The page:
Dozens of municipal and communal elections will be held nationwide in Benin today, despite pressure from the opposition to delay
Dozens of municipal and communal elections will be held nationwide in Benin today, despite pressure from the opposition to delay the vote due to public health concerns. While Benin has only two confirmed deaths from COVID-19, the West African country reported a dramatic spike in cases last week.
Today’s elections are expected to resemble last April’s parliamentary vote, which was widely criticised after all candidates opposing President Patrice Talon were banned, leading to an uncontested election. Extensive protests and boycotts, many called by banned opposition leaders, reduced the electoral participation rate to a record-low 23%.
Large protests and a low turnout are expected again this year, as leading opposition parties have once again been banned from participating. Local police forces have increased security personnel to disperse protests, but violence is likely to erupt as voters express disillusionment with an increasingly authoritarian political system; Benin’s last presidential election featured dozens of competing parties. The widespread expectation that pro-Talon candidates will claim victory—compounded by concerns about the spread of COVID-19—could drive voter participation below 20%.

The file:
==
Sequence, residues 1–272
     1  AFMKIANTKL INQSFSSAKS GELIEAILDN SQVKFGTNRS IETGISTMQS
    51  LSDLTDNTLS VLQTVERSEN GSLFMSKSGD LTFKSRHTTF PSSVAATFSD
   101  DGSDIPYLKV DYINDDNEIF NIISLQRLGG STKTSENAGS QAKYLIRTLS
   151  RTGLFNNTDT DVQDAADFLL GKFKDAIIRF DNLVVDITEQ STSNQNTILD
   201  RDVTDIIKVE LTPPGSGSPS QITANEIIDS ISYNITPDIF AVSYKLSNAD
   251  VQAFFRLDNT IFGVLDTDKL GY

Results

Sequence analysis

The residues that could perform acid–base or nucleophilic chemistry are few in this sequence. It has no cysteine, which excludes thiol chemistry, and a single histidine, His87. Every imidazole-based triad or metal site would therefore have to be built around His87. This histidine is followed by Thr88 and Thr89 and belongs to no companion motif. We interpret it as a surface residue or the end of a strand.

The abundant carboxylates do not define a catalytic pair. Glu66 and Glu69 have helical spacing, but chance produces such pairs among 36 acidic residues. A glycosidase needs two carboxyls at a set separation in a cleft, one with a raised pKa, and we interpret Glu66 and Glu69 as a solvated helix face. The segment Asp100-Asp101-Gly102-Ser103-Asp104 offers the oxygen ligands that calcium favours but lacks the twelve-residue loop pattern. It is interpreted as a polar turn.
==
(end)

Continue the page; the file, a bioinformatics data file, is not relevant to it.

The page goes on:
While Benin has been lauded as a relatively strong democracy in Western Africa since 1991, Talon’s willingness to ban opposition parties from increasingly boycotted elections may constitute the beginning of a significant swing back to authoritarianism.
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